Get access

Eating patterns in patients with spectrum binge-eating disorder

Authors


  • The contents of this study are solely the responsibility of the authors and do not necessarily represent the official views of the NIH, NIMH, NIDDK, or the Kaiser Foundation Research Institute.

  • Supported by MH06677966 from National Institutes of Health and by National Institute of Mental Health (NIMH) and National Institute of Diabetes, Digestive, and Kidney Diseases (NIDDK) (awarded to Kaiser Foundation Research Institute).

Abstract

Objective:

We sought to describe meal and snack frequencies of individuals with recurrent binge eating and examine the association between these eating patterns and clinical correlates.

Method:

Data from 106 women with a minimum diagnosis of recurrent binge eating were used. Meal and snack frequencies were correlated with measures of weight, eating disorder features, and depression. Participants who ate breakfast every day (n = 25) were compared with those who did not (n = 81) on the same measures.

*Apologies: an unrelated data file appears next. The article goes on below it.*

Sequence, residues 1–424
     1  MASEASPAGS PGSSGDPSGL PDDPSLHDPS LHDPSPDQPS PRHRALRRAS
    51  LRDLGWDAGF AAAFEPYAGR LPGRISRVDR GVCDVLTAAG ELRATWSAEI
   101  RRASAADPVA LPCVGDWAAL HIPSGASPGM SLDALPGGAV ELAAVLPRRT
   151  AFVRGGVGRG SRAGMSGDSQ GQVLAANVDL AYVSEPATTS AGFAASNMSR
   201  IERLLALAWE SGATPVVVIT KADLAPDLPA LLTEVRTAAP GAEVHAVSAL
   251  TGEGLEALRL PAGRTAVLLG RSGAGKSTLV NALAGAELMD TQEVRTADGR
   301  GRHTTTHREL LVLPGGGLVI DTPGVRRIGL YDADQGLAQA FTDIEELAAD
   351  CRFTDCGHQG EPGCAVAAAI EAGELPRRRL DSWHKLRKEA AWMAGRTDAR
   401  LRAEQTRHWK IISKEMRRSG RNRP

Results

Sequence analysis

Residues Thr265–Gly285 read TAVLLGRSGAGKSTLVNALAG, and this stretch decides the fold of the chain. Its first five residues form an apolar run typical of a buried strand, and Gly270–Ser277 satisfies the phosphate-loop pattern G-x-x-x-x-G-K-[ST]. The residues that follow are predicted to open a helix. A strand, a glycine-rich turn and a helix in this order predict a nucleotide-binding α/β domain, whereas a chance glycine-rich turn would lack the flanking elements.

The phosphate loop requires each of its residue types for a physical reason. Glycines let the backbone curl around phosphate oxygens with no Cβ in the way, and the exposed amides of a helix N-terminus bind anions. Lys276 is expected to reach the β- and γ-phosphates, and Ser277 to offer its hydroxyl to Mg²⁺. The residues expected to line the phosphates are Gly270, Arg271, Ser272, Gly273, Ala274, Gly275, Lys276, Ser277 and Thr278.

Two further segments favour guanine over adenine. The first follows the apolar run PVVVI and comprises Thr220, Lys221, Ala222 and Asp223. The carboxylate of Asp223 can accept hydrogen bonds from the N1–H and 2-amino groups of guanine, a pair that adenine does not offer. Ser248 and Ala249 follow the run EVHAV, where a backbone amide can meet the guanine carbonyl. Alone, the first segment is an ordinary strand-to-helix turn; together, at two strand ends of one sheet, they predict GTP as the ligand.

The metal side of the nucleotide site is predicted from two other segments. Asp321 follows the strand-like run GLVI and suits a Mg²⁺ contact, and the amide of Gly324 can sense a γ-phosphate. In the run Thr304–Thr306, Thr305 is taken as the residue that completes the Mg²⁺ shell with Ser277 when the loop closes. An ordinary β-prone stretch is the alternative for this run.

Results:

Breakfast was the least, and dinner the most, commonly consumed meal. Evening snacking was the most common snacking occasion. Meal patterns were not significantly associated with clinical correlates; however, evening snacking was associated with binge eating.

Discussion:

Our findings largely replicated those reported in earlier research. More research is needed to determine the role of breakfast consumption in binge eating. © 2010 by Wiley Periodicals, Inc. (Int J Eat Disord 2011; 44:447–451)

Ancillary